The Iconic Wayfarer

1 Jun

The Original Ray Ban Wayfarer in black.

The Original Ray Ban Wayfarer in black.

The Ray Ban Wayfarer has stood the test of time and is now an essential summer accessory, says CHEONG PHIN

Reproduced in various sizes and colours.
Reproduced in various sizes and colours.

The white choice of the celebrities.
The white choice of the celebrities.

FASHION always seems to renew itself on what has come before and the current revival of many things from the exciting 1980s is no exception. It was a time when bright colours, chunky plastic jewellery, leggings, skinny jeans and rock music ruled the world. The younger fashion followers today were only born then and never got to experience the explosive fashion of the ’80s.

It’s therefore easy to see why it is like a breath of fresh air to them and when it’s mixed up with today’s contemporary clothing, we all end up finding that everything old (or ’80s) is new again. One must-have plastic accessory from that era that stood the test of time and is fast becoming a must-have accessory again today is the iconic Ray Ban Wayfarer sunglasses.

Reproduced and re-imagined in various colours and sizes in almost every fashion corner in London this season, the square framed plastic sunglasses is the essential unisex summer fashion accessory.

The fad started a few years ago when fashion forward celebrities like Chloe Sevigny and Mary-Kate Olsen started wearing vintage Wayfarer frames. The Ray Ban designers soon noticed the increasing popularity of these vintage pieces and the prices they were commanding on eBay.

Responding to this new fashion craze in the market, Ray Ban reintroduced the original Wayfarer design in 2007 with a marketing strategy that included the use of new media like MySpace to connect with a new breed of consumers.

A host of the young Hollywood celebrities like Lindsay Lohan and Kirsten Dunst, and British “bad” girl Amy Winehouse have already been spotted wearing these “cool” sunglasses.

The Ray Ban Wayfarer is an iconic design of sunglasses available with polarised lens and spring hinges that has been manufactured by Ray Ban since 1952. It’s reported to be the best-selling style of sunglasses in history and has been labelled as “one of the most enduring fashion icons of the 21st century”.

Designed by Raymond Stegeman, an inventor who procured dozens of patents for Bausch and Lomb (Ray Ban’s parent company), the radically new shape of the Wayfarer was “a mid-century classic to rival Eames chairs and Cadillac tail fins”. According to design critic Stephen Bayley, “the distinctive trapezoidal frame spoke a non-verbal language that hinted at unstable dangerousness, but one tempered by the sturdy arms which, according to the advertising, gave the frames a ‘masculine look’.”

These Wayfarer which took advantage of the new plastics technology at that time was revolutionary and targeted at men initially. However, it became increasingly popular among Hollywood starlets and was evidently a pop culture icon worn by many celebrities for the last 50 years on and off the screen.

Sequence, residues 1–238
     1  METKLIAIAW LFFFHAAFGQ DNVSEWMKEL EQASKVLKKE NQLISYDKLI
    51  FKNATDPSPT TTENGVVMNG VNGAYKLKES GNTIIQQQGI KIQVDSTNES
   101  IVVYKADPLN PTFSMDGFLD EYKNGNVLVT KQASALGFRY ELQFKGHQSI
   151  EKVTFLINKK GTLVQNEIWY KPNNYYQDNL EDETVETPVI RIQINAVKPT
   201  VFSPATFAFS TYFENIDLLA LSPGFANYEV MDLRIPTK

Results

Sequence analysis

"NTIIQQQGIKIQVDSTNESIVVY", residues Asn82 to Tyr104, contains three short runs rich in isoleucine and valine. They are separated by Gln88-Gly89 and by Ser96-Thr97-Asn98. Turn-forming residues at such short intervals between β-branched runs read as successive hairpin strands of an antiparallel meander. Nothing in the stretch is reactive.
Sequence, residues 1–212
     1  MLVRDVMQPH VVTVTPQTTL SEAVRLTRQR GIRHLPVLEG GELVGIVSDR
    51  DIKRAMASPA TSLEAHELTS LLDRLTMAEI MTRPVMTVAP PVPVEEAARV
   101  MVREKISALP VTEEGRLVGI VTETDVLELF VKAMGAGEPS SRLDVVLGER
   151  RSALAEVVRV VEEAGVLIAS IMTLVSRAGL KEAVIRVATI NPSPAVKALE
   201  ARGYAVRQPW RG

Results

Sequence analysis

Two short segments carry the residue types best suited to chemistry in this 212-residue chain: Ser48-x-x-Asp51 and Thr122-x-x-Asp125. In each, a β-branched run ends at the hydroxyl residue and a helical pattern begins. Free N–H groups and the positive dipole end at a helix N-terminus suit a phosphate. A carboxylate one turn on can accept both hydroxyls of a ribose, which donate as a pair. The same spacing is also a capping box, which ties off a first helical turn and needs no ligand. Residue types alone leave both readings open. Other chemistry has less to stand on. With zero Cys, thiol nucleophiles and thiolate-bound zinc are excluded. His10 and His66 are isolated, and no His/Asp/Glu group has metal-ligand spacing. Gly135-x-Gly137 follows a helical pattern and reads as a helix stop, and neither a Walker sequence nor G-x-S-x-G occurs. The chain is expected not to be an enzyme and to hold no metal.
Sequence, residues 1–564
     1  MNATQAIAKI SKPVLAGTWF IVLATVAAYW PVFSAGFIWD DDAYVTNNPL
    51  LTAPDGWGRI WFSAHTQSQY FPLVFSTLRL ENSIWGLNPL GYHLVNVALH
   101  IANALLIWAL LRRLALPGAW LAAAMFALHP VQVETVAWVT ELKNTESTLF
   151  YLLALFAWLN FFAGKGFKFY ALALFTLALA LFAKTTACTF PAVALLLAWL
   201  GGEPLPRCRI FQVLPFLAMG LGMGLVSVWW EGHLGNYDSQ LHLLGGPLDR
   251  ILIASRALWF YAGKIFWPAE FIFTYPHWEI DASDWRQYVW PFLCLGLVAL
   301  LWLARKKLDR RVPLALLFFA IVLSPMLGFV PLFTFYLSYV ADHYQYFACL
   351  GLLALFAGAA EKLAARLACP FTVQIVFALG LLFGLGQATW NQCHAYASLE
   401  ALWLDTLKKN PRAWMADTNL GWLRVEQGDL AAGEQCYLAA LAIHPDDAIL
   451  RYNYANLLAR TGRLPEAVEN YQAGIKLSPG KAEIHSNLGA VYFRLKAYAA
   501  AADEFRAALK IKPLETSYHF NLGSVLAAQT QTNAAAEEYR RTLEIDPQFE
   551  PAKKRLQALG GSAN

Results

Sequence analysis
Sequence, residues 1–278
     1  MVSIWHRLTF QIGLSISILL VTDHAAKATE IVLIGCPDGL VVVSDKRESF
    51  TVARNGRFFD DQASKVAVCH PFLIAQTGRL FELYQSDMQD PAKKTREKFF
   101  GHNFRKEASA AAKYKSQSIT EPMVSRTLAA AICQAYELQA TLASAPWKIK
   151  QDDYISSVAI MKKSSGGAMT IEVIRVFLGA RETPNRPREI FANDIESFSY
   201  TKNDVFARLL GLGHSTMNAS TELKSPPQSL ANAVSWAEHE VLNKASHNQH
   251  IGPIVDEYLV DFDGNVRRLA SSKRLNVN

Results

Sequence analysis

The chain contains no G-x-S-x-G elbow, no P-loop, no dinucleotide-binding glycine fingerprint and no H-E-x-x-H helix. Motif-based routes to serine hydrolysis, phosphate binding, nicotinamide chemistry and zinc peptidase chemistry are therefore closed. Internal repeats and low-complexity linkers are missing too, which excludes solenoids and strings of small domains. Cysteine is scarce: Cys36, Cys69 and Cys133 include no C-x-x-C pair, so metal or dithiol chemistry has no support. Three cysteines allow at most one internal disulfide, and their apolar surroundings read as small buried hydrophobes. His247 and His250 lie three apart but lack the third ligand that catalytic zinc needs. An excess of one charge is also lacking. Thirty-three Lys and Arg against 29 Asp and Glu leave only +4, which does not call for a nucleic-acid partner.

In the 1960s, Audrey Hepburn famously paired her Wayfarers with her Givenchy black dress and pearls in Breakfast at Tiffany’s, a look that was absolutely “cool”. The oversized shades then were an example of the early Wayfarer silhouette.

A series of design modifications ensued and two decades later, Tom Cruise reinforced the “cool” factor of these dark shades in Risky Business while influential Material Girl Madonna inspired a huge fashion follow up when she wore them in Desperately Seeking Susan. John Belushi and Dan Aykroyd even made it looked “cool” in their bad ways in the cult movie The Blues Brothers.

To a certain extent, musicians like Bob Dylan and Blondie also gained their iconic “cool” style from donning these shades. The incredible impersonation of the Dylan character by Cate Blanchett in her recent movie I’m Not There was based on that 1980s iconic look. When celebrities such as Jack Nicholson, Rob Lowe and Tom Cruise started wearing them off-screen, these plastic square frames quickly became the decade’s sunglasses of choice. Apparently, Ray Ban expanded from two models of the Wayfarer in 1981 to more than 40 models in 1989 and the Wayfarer went on to become one of the biggest cultural icons of the ’80s.

If you’ve never owned a pair of Wayfarer sunglasses, it’s never too late to buy one now and enjoy the “cool” Wayfarer experience. The current collection of Ray Ban Wayfarers is available in Original Wayfarer, New Wayfarer and the Wayfarer Folding style. In addition to the classic black and tortoise, they also come in an array of colours such as red, white and blue. You can buy them at almost any optical store that sells Ray Ban products or simply buy online on the Internet from shopping websites like http://www.sunglasses.co.uk and http://www.totalsunglasses.com.

The revival of the Wayfarer in mid 2000 and the expiration of Stegeman’s 1953 design patent also produced numerous designs inspired by the original Ray Ban Wayfarer. These include Oliver Peoples’ “Hollis”, REM Eyewear’s “Converse” and various styles by fashion houses such as Juicy Couture, Hugo Boss, Chanel and Marc Jacobs.

 

New Straits Times

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